I have written about Locktown’s tavern before—in my article on the life of Daniel Rittenhouse. At the time that I wrote it, I thought he had established the original tavern. That turns out to be not true.
I decided to make a tree out of the information I have accrued so far to help me sort out relations in my article on The Locktown Hotel. I have not deeply studied this family, so there are certain to be mistakes and missing family members. As always, additions and corrections are welcome. Also, children of daughters will be listed, but not grandchildren.
I am publishing this article now because it ties in with the other articles I have recently written about residents of or near the village of Sandbrook in Delaware Township. This is one of Mr. Bush’s articles that could be taken as an historical document in itself, because it includes the contents of two old records—an account book from the 1830s and an old family bible.
For the final installment of my study of the Haddon Tract,1 I am turning to the remainder of the property that was left to Nicholas Sine. As a reminder, Nicholas Signe/Sayn/Sine was a partner with another German immigrant, Jacob Sniter, in the 1748 purchase of 1300 acres of the Haddon Tract, a 2,000-acre plot that was surveyed for John Haddon in 1711. Daniel Robins had purchased the other 700 acres.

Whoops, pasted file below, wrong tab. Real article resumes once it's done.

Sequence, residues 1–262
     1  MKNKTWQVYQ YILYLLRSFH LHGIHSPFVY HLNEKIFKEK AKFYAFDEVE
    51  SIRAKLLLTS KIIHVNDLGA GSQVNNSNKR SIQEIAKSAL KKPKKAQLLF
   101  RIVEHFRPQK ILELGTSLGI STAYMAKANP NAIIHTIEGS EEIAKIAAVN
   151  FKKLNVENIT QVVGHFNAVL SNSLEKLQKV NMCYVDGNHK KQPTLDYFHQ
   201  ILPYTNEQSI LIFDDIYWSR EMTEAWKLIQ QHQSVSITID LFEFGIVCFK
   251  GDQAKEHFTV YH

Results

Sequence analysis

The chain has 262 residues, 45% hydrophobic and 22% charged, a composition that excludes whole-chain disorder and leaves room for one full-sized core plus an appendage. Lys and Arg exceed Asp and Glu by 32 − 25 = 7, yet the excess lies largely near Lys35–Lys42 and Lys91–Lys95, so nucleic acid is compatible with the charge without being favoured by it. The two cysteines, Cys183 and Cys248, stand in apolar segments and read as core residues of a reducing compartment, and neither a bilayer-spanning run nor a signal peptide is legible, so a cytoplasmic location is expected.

Of all the one-room schools in Delaware Township, none seems to have inspired more devoted attachment than the Van Dolah School. The number of graduates was large, and many of them were highly accomplished in later life. It was probably one of the best photographed schools in the county. I have included many of them here.
There has been a Baptist Church in Locktown since the early 19th century, and a cemetery associated with it. The church and the cemetery were located on land belonging to Daniel Rittenhouse, whose home was a short distance west of Locktown on the Kingwood-Locktown Road. Most of the names in this cemetery are of families that lived nearby in Kingwood and Delaware Townships, many of them descendants of original German immigrants. Many of the original stones are now missing, even ones that were inventoried in the 1940s. Old cemeteries are hard to preserve.